Polycarbonate plastic bottles include: Plastic Baby Bottles, Nalgene® Sports Bottles and 5 Gallon Water Bottles typically found on office water coolers. Bisphenol A (BPA) is an industrial chemical used primarily to make polycarbonate plastic and epoxy resins. Polycarbonate plastic, which is clear and nearly shatter-proof, is used to make a variety of common products including baby and water bottles, sports equipment, medical devices, CDs, and household electronics. Epoxy resins are used as coatings on the inside of almost all food and beverage cans.
eBottles.com does not offer any bottles made from Polycarbonate material, our water bottles are made from PET, however this article is intended to supply general information about the safety of Polycarbonate bottles and information regarding the current BPA controversy:
On April 18, 2008 Canadian Health Minister Tony Clement announced that Canada intends to ban the import, sale, and advertising of polycarbonate baby bottles containing bisphenol A over concerns of the safety of bisphenol A. While Health Canada concluded that human exposures are less than the levels deemed to be potentially unsafe, the margin of safety was considered too low for formula-fed infants. Around the same time, Wal-Mart announced that it was immediately ceasing sales in all its Canadian stores of food containers, water and baby bottles, sippy cups, and pacifiers containing bisphenol A, and that it would phase out baby bottles made with it in U.S. stores by early 2009. Nalgene also announced it will stop using the chemical in its products, and Toys-R-Us said it too will cease selling baby bottles made from it. Subsequent news reports showed many retailers removing polycarbonate drinking products from their shelves.
The FDA maintains that bisphenol A is safe and is not recommending that people avoid using products made from it. The Consumer Product Safety Commission agrees, and its deputy director has stressed that use of bisphenol A based plastics have many practical benefits, and that "a ban could result in less effective protection of children from head, eye, or bodily injury."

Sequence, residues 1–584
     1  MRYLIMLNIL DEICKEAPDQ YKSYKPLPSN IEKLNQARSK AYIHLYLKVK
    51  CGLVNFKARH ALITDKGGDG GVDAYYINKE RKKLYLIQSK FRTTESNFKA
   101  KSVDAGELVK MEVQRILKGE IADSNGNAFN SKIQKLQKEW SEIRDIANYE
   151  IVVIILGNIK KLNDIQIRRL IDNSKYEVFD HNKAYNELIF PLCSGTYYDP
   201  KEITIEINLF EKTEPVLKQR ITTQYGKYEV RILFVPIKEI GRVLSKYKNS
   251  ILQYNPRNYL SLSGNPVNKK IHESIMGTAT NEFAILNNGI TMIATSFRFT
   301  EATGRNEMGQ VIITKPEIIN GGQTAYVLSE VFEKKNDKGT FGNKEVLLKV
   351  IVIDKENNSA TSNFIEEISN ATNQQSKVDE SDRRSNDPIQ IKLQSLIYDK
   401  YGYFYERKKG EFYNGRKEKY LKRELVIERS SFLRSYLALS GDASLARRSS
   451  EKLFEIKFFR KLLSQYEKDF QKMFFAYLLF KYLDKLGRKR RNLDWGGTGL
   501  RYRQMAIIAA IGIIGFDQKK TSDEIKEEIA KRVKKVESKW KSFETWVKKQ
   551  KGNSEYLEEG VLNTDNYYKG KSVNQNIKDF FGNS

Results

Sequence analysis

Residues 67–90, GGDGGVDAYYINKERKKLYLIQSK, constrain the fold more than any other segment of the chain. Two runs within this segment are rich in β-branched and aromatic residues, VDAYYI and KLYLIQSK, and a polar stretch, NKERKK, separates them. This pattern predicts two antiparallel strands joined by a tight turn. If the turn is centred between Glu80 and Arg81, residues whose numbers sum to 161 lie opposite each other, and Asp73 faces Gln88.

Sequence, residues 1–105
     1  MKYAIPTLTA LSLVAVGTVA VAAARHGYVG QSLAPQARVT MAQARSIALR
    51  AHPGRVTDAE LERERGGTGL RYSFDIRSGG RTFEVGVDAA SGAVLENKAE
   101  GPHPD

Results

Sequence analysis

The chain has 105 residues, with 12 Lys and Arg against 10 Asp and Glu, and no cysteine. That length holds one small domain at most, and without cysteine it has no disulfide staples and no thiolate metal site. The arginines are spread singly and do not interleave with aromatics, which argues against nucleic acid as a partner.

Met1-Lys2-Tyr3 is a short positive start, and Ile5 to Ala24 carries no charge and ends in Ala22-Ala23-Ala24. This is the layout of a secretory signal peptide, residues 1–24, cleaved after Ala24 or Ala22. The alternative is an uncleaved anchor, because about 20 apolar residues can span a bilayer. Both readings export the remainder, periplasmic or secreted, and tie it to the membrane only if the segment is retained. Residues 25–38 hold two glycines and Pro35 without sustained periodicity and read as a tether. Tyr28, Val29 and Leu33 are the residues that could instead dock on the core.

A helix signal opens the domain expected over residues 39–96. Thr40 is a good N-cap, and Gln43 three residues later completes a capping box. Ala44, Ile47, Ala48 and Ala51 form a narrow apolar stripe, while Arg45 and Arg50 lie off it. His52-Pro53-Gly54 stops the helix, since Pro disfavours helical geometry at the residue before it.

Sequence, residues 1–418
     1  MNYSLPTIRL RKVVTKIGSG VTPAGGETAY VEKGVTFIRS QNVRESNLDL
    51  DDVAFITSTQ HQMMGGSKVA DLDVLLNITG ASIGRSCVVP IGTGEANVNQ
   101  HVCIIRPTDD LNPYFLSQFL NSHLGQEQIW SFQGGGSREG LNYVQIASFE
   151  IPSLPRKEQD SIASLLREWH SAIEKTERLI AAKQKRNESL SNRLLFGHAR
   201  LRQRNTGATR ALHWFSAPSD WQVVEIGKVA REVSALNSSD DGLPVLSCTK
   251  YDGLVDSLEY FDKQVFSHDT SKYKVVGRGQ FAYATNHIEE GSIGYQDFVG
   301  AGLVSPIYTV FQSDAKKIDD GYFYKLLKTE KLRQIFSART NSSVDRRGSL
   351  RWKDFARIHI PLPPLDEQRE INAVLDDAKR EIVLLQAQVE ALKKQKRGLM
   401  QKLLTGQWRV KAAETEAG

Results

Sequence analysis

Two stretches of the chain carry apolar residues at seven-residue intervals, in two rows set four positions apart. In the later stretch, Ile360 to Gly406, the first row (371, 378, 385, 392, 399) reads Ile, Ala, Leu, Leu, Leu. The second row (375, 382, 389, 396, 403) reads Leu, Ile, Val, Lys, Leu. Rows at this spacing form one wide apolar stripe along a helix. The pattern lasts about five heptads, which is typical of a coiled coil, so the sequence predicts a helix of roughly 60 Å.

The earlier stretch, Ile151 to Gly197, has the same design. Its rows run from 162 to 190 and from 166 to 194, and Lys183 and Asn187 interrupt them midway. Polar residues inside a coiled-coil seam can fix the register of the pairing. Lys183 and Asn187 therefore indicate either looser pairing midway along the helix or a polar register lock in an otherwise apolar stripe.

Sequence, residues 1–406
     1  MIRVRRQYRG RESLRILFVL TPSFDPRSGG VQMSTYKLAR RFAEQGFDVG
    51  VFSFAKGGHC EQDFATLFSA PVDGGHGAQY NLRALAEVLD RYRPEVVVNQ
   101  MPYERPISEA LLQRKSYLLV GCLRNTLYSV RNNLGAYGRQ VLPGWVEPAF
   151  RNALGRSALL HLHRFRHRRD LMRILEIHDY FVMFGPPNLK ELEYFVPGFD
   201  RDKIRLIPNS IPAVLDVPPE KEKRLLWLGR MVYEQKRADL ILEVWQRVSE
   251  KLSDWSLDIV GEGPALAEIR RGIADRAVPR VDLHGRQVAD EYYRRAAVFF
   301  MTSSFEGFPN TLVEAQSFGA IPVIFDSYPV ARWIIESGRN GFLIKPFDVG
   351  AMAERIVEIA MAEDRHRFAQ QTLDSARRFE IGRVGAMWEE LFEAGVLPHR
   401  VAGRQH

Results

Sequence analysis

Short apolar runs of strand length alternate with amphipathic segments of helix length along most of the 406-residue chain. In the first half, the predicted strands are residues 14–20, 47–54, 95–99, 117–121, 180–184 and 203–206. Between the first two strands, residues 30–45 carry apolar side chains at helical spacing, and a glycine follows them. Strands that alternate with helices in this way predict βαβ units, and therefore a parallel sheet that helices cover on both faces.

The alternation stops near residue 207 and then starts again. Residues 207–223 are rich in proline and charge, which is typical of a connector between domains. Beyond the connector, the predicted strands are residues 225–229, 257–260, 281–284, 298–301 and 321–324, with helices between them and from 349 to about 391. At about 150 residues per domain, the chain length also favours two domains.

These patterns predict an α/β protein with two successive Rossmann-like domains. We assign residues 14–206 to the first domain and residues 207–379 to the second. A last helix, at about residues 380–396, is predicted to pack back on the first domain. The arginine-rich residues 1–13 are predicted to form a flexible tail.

A spokesman for the tin can industry has said that without lining cans with bisphenol A based resins, E. Coli and botulism poisoning would be "rampant." An industry website Bisphenol-a.org also carries a number of articles dated as recently as February 2008 claiming the use of Polycarbonate water bottles is safe.
Adverse effects of low-dose exposure on laboratory animals were first reported In 1997. Since then, its endocrine disrupting properties have been extensively investigated, and more than 100 studies have been published raising health concerns about the chemical. Early development appears to be the period of greatest sensitivity to its effects, and studies have demonstrated developmental toxicity, carcinogenic effects, and possible neurotoxicity at low doses in animal models. This is troubling because BPA was found in approximately 90% of urine samples in Americans studied. Recent studies suggest it may also be linked to obesity by triggering fat-cell activity and have confirmed that bisphenol A exposure during development has carcinogenic effects and produce precursors of breast cancer. However, neither the U.S. Environmental Protection Agency nor the International Agency for Research on Cancer have evaluated Bisphenol A for possible carcinogenic activity.